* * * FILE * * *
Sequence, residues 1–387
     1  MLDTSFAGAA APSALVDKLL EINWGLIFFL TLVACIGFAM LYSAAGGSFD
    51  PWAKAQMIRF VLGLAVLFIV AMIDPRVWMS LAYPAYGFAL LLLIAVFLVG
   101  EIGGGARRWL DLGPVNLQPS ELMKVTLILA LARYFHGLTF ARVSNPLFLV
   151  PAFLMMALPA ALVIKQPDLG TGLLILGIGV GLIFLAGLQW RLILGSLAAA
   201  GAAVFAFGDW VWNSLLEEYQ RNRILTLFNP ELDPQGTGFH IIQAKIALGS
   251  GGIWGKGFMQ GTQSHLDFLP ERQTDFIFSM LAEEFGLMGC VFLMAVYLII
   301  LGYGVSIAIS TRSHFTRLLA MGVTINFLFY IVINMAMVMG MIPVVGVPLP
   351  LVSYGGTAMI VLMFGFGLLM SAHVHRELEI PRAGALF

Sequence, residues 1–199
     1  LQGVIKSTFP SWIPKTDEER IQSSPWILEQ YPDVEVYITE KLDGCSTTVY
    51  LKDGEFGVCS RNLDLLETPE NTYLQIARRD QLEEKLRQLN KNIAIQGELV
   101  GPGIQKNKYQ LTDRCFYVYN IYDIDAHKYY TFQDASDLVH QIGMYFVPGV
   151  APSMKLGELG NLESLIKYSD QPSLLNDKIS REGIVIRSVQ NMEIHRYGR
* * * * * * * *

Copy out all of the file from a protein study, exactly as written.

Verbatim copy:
Sequence, residues 1–387
     1  MLDTSFAGAA APSALVDKLL EINWGLIFFL TLVACIGFAM LYSAAGGSFD
    51  PWAKAQMIRF VLGLAVLFIV AMIDPRVWMS LAYPAYGFAL LLLIAVFLVG
   101  EIGGGARRWL DLGPVNLQPS ELMKVTLILA LARYFHGLTF ARVSNPLFLV
   151  PAFLMMALPA ALVIKQPDLG TGLLILGIGV GLIFLAGLQW RLILGSLAAA
   201  GAAVFAFGDW VWNSLLEEYQ RNRILTLFNP ELDPQGTGFH IIQAKIALGS
   251  GGIWGKGFMQ GTQSHLDFLP ERQTDFIFSM LAEEFGLMGC VFLMAVYLII
   301  LGYGVSIAIS TRSHFTRLLA MGVTINFLFY IVINMAMVMG MIPVVGVPLP
   351  LVSYGGTAMI VLMFGFGLLM SAHVHRELEI PRAGALF

Sequence, residues 1–199
     1  LQGVIKSTFP SWIPKTDEER IQSSPWILEQ YPDVEVYITE KLDGCSTTVY
    51  LKDGEFGVCS RNLDLLETPE NTYLQIARRD QLEEKLRQLN KNIAIQGELV
   101  GPGIQKNKYQ LTDRCFYVYN IYDIDAHKYY TFQDASDLVH QIGMYFVPGV
   151  APSMKLGELG NLESLIKYSD QPSLLNDKIS REGIVIRSVQ NMEIHRYGR